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TikTok vs Universal - Round 2!

This battle royale just keeps on giving...

After pulling its recording artists' music from TikTok on 31st January 2024 as described in our previous blog on the subject, Universal's publishing arm's license with TikTok was allowed to expire on 29th February 2024, forcing the social media giant to remove yet more music from its platform.

Music ownership consists of two parts, the 'master rights' in the recordings, and 'publishing rights' owned by the writers of each song. Universal's record label controls about 3 million master rights to recordings, and their publishing arm controls copyrights in about 4 million songs.

Publishing is more complicated than master rights, because of the increasing tendency for songwriters to collaborate on songs, and the increasing use of samples. The crown for the highest number of copyright shares we have seen in a song is held by Travis Scott's 'Sicko Mode' with 30 - yes, THIRTY - publishing shares, due to the collaborative writing process and the use of samples from three other songs which also had numerous writers.

Some of the publishing shares are tiny, less that 1%, but the way copyright law works means that even in the case of a songwriter only owning a small fraction of a song's total publishing rights, their permission (license) is needed to use that song. If they say 'no', that song can't be used. So you need to get permission, a license, from literally everyone.

How much music is affected?

There is a difference of opinion about how much music this actually affects on TikTok - TikTok themselves say its about 30% of the music on their platform (which incidentally was originally named '', and that address still points to TikTok).

Music industry experts, however, have estimated that the real figure could be up to 80%.

The reason for this lies in the fractional ownership of publishing, and the fact that Universal's publishing rights, and those of any other publisher, aren't all related to the tracks that their companion record labels put out (in this case Universal's). In fact Universal's writers own shares of the publishing in songs that are put out by many other record labels, and the reverse is true - publishing rights in Universal's record labels' tracks are owned by many other publishers, not just Universal's writers.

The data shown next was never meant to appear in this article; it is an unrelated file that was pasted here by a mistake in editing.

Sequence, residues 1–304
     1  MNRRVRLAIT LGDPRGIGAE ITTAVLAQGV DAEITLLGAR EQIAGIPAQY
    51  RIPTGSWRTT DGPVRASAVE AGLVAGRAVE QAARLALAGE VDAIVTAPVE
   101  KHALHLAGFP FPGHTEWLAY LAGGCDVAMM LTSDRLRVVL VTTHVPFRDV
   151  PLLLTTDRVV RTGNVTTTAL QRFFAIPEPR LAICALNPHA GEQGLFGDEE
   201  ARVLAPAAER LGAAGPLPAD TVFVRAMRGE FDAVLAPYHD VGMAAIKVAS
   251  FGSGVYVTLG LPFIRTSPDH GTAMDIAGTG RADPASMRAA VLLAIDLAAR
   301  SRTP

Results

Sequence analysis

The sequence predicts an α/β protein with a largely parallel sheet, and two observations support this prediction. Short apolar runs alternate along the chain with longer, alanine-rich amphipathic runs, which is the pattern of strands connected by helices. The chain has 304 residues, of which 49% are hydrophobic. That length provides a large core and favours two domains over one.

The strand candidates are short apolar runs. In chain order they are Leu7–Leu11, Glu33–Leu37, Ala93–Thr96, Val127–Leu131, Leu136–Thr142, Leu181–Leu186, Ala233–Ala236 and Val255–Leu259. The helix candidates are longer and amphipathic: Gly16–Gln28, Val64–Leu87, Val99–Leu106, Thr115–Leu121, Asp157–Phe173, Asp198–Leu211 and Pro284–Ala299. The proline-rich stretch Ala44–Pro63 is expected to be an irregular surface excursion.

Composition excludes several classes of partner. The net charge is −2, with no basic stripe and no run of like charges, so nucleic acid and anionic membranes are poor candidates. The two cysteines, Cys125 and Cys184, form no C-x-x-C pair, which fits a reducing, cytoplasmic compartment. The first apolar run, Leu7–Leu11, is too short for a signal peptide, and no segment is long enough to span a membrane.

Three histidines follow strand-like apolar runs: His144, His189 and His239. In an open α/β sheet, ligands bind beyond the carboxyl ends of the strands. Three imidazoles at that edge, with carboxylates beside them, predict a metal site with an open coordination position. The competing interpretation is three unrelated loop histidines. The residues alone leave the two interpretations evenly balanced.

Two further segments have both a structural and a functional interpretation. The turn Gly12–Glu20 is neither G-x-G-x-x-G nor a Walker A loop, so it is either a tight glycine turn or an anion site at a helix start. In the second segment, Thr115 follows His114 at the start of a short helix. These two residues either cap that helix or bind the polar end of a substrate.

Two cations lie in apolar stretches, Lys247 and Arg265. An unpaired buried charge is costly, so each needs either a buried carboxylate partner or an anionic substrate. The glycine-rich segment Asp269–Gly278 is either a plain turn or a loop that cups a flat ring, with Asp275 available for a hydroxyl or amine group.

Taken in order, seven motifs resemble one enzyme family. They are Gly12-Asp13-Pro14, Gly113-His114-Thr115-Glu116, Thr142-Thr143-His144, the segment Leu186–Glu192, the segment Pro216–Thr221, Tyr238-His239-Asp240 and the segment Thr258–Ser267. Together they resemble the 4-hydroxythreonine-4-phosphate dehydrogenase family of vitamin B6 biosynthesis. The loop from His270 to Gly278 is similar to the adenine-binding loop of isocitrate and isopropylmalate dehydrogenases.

The interesting point here is that TikTok doesn't know for sure, and neither do the music industry experts who have given their opinion - the truth is hidden in difficult-to-access music industry metadata files of the type that we at ClicknClear receive and process in their tens of millions before being able to be sure what tracks we can make live on our platform.

This should put TikTok on high alert - there is a risk that they will unknowingly continue to use music that has a copyright share owned by a songwriter signed to Universal. "I didn't know" is not a valid defence in copyright infringement cases, so they will still be liable for the infringement and Universal's lawyers will doubtless be waiting for any slip-up.

38% of music in use on TikTok has been modified.

Another aspect to the case has also come to light - a substantial part of the music used on TikTok has been shown to be modified. It increased from just under 25% in 2022 to just over 38% in 2023.

Choreographed performance sports require explicit rights to be able to edit and adapt music and choreograph to the music for their routines. For use cases like TikTok, adaptions need to be licensed too (which is why they had a licensing deal with Universal in the first place).

When modified music is used without proper attribution (which appears to be the case on TikTok with less than 1% of the music on there being labelled as adapted when in fact the number is 38%), not only is there a potential large copyright infringement liability, but copyright owners can miss out on revenue that is mistakenly attributed to someone else. This gives Universal other compelling reasons to pay very close attention to what is going on with their music on TikTok - and all other music industry record labels and publishers too.

Latest Conclusions

So, as we eagerly await the next developments in this saga, what new lessons can we learn from TikTok vs Universal Round 2?

  • Music publishing rights are even more complicated than master rights - you need to be 100% sure that you have 100% of the publishing rights to music before using it, whether that's an original music industry track or a cover version.

  • This case is increasingly looking like it will give the music industry reasons to further investigate how their music is being used, not just on social media, and crack down on copyright infringements.

  • Be sure you are using music from a partner who guarantees that they have all the rights you need to the music, from the master AND 100% of the publishing owners of each track - like ClicknClear.


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